1993 July History of Lindbergh Works
A special CNR train from Edmonton carried two cabinet ministers, 31 MLA's, wholesalers, business leaders and newspaper editors from all parts of the province to the opening ceremonies.
The Western Canadian Oil Companies, Home Oil Company, and the Calgary Edmonton Corporation were drilling in the Elk Point and Lindbergh district in search of oil and gas. They not only found gas and oil, they also found salt to be present.
With the North Saskatchewan River being near, the railway close by, and natural gas found to be present, salt could be easily produced. This brought about the formation of the Alberta Salt Company. Backed by the three oil companies, construction was
started in June, 1947 with the plant starting production in July, 1948. Daily production reached 125 tons of vacuum salt with 40 full time plant employees. One of the differences with the Lindbergh Plant was that they were completely self sufficient. It had its own natural gas wells which allowed them to produce their own power, heat, and generating steam. It was also the first plant in the world to introduce Fused Salt and in 1951 the Lindbergh Plant was the first plant in the world to produce Fused Salt on a commercial basis. The concept of Fused Salt was considered, by most, to be an impossible feat. But the Plant Manager, Mr. Bert Ayres and the St. Paul Foundry constructed the furnaces, etc. and invented the "Impossible" Fused Plant. The Fused Plant melted 130 tonnes of salt daily at 1600°F. The salt was poured into cups to form a solid cake. It was then crushed producing a very hard finished product which was then screened and used as many different products including the well known Crystal Water Conditioner Salt. The Fused Plant operated until 1987 when it became evident it was not cost efficient due to the decreasing availability of natural gas.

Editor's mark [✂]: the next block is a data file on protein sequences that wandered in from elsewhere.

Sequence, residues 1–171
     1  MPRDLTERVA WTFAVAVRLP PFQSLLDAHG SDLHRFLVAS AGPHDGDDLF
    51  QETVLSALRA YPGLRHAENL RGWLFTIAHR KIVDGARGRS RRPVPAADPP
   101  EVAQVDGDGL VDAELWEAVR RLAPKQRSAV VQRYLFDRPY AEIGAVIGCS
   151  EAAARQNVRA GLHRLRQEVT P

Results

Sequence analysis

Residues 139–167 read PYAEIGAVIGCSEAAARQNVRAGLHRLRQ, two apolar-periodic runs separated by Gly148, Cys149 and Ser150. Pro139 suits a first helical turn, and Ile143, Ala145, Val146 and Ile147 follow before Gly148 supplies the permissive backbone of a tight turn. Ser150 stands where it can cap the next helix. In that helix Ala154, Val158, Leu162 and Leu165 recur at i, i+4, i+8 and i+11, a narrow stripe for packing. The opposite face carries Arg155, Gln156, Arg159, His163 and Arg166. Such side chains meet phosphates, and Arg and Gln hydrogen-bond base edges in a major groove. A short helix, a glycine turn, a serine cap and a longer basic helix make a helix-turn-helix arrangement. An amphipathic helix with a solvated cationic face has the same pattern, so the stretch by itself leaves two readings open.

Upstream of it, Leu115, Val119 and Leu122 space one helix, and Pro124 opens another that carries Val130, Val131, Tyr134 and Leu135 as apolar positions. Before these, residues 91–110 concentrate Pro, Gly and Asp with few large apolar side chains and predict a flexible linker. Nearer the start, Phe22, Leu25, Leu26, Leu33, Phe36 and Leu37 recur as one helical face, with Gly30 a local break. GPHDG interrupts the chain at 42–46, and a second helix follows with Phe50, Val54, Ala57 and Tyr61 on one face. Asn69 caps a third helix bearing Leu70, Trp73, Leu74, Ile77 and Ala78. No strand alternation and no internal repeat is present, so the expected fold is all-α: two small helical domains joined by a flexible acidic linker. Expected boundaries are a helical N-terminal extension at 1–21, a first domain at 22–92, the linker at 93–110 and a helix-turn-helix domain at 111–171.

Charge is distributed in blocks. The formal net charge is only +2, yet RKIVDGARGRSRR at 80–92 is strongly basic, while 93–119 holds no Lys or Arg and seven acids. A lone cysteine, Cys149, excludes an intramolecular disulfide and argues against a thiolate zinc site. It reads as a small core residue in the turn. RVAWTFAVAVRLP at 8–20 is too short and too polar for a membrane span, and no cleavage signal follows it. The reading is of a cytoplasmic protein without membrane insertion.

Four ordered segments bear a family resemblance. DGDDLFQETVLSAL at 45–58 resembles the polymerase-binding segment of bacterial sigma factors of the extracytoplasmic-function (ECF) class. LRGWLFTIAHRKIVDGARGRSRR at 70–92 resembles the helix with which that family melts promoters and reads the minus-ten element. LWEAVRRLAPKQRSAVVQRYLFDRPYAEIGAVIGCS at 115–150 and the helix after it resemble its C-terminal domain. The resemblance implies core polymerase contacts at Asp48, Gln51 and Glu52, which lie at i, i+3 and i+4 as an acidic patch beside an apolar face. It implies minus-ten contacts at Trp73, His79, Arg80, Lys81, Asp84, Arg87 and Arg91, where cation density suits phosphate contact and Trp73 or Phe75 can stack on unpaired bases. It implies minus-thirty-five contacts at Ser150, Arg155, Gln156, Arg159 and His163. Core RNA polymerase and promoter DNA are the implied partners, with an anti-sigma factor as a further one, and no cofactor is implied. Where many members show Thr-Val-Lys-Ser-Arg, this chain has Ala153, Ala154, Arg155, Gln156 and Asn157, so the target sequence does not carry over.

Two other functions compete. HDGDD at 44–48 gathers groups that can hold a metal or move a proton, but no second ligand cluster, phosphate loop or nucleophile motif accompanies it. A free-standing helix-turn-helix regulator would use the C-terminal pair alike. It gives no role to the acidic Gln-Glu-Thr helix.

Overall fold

In the following years the plant would double in size with the production being brought up to 400 tons per day. We would see the total brine wells rise to five and our gas wells increase to 22. Our railway service would be discontinued in 1989. The new System Saver II water conditioner salt is introduced. The Canadian Salt Company Limited would be purchased by Morton International giving us world wide recognition.
Lindbergh Highlights over the past years
1952: The Fused Plant tripled production and in 1955 produced 6 tons an hour.
1960's: The heat exchanger units in two evaporators were replaced. This allowed production capacity to double to 250 tons per day. The plant doubled in physical size.
1970's: Two bulk storage sheds were built with a capacity of 5000 tons each. The power plant was increased by 50. #1 Evaporator was replaced and a third evaporator was installed to bring production up to 360 tons per day. With the installation of the third evaporator, we began operating in a triple effect configuration. A new furnace was installed in the Fused Plant which increased the Fused Salt production to 200 tons per day, a total of 360 tons of vacuum salt per day.
1980 The second effect evaporator was replaced resulting in increased production to 400 tons/day.
1990's Market demands were taxing our production capabilities, posing a dilemma for our Production Department. Our people were innovative enough to develop our "Boil out on the run" procedure where we do not have to shut down to boil out our evaporators. This allows us to have continuous production with no down time.
This is the type of "brainstorming" which has continued since the start up of the operation in 1893, making us a first rate Company.
Jim Vinge, Warehouseman (left) receives 25 Year Service A ward from Garry Gulayec, Shipping Supervisor
Orest Capjack, Assistant Works Account (Center) celebrates 30 years of Service with Tom Melnyk, Works Accountant (left) and Ken Palamarek; Facility Manager (right)
Welcome to our two new Power House employees: Murray Dyjur and Larry Stratford, both of whom are Power Engineers
April 1, 1993
April 13, 1993